My spiritual teacher says, “When people attain supremacy over Máyá through their … [spiritual efforts or meditation], the veil of darkness moves aside from their minds and then there remains no difference between their own self-effulgence and the Brahmic effulgence – both are fused into one.”

I guess what I’m saying here is why wait for heaven? Why postpone happiness and the good stuff for a time that may never come? As someone who believes in reincarnation, I’m going to keep cycling through a human life over and over again. If I don’t believe in heaven, does that mean I’ll never experience reality? That I’ll live in an endless illusion? That sounds pretty horrible to me. I’d rather bring enlightenment, bliss, and freedom to the present day by recognizing life is sort of an illusion. The illusion is not life itself, but rather that physical objects are all that exist, that material goods are all that matter. The illusion is believing we and everything around us are anything less than bright, shining lights of divinity.

I dream of a world where instead of viewing life as an illusion we view it as a projection of divinity. A world where we bring enlightenment, bliss, and freedom into the present moment. A world where we do what we can to uplift all of humanity and make heaven a real place that exists on Earth.

Another world is not only possible, it’s probable.

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How to Stay in the Flow

I’ve been hearing a lot about “being in the flow” or returning to the flow. The way being in the flow is presented is when you hit every green light and run into a friend unexpectedly on the street and everything is going your way. In other words, a really good day. Not being in the flow then, means hitting every red light, just missing the person you wanted to see, and nothing is going your way. In other words, a really bad day.

Maybe this is just my interpretation, but it seems to me people say when we’re not in the flow, it’s our fault. It’s because I’m not thinking the right thoughts, I’m not aligning with the divine, I’m not grateful enough, or whatever. The reason though always has something to do with me.

Life is like a river and constantly flowing.

Life is like a river and we’re all flowing back to the sea.

When I start to think about being in the flow from that perspective, it doesn’t make sense. How can everything be my fault? I don’t control the universe. For every action there is a reaction – that’s a law of nature. How could I possibly be the cause of whether or not some guy gets drunk and runs a red light? Therefore, how could I possibly be the one to cause all of my good days and bad days? Even if we all were little islands, even islands are subjected to storms and wave currents. We aren’t in control of everything and when I try to be, I only succeed in making myself crazy.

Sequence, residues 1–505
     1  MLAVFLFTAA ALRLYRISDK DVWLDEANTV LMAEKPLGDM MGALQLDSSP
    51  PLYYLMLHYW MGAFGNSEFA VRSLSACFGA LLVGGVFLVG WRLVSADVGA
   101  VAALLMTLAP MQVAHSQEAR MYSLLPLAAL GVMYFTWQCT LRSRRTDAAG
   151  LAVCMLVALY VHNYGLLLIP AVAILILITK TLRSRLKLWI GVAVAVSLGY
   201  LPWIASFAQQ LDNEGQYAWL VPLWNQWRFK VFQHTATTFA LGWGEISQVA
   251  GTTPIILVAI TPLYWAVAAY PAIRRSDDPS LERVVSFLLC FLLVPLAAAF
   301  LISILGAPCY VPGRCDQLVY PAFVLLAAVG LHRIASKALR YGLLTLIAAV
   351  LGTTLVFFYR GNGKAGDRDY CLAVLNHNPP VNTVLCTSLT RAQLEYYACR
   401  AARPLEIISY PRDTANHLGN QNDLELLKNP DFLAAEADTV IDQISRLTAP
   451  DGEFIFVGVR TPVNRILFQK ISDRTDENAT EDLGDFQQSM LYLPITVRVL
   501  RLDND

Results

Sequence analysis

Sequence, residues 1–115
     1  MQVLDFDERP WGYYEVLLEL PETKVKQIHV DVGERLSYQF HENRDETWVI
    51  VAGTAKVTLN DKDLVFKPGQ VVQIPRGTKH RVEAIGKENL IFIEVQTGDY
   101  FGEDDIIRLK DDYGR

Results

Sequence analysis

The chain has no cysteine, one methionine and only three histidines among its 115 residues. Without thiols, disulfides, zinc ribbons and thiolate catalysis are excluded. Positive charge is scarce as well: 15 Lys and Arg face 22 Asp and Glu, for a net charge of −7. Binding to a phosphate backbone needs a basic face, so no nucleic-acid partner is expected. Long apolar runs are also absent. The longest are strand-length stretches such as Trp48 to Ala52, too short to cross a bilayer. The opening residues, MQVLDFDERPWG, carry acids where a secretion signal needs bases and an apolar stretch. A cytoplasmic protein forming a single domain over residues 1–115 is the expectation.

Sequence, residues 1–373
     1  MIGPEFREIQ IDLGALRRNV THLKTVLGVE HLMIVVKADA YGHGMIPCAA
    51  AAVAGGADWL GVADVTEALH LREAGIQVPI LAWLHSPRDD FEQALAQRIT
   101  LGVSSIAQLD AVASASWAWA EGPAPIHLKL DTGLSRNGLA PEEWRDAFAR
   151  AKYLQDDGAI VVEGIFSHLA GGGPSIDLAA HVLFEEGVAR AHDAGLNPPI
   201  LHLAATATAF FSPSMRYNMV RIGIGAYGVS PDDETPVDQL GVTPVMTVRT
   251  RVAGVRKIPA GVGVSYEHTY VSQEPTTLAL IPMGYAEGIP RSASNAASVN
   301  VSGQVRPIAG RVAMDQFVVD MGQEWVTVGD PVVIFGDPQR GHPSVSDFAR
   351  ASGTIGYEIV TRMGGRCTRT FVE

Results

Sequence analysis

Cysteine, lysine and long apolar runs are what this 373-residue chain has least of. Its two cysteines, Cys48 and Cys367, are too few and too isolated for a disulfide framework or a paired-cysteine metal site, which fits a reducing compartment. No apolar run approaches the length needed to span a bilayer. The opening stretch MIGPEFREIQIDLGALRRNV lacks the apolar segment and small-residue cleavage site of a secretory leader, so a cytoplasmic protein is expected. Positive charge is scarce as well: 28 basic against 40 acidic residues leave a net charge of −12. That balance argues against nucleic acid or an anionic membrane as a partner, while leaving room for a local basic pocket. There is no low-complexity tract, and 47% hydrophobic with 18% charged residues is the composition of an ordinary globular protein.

There seems to be this notion, again, maybe of my own perception, that when a person becomes really spiritual, when they’re “thinking the right thoughts,” that all of sudden life is peachy keen and they never have another trouble again. And if they have any sort of troubles, it’s because they attracted it to themselves. When I think about one of the most famous spiritual teachers, Jesus Christ, his life was not sunshine and roses. What’s so amazing about Jesus was his ability to forgive, to continue preaching peace and love despite all the horrible things he went through. That to me is real spirituality, not living a trouble-free life.

My spiritual teacher says every human being willingly or unwillingly dances in harmony with the rise and fall of the cosmic waves. That there is a ceaseless and eternal cosmic flow. That to me means I stay in the flow by remembering I’m never out of the flow, even when I’m late for all my appointments, lose my luggage, and have a day I’d rather not experience again.

When people talk about getting back in the flow, it’s a good reminder to touch base with the divine, to feel the love that’s all around me, but it’s also important to remember just because I’m letting the universal energy move through me, doesn’t mean life will always be a pleasure cruise.

Almost exactly two years ago I wrote a post called, “Love is the Container,” about how even when I’m sad, angry, scared, etc. love is there, love is holding all of those emotions. In the same way, when nothing goes right, I’m still in the cosmic flow. But maybe instead of cresting the wave, I’m down in the trough. Life is a constant flow with ups and downs and I’ll never be able to tell the waves to quit moving, so instead, it’s better for me to enjoy the ride whether I’m surfing or crashing.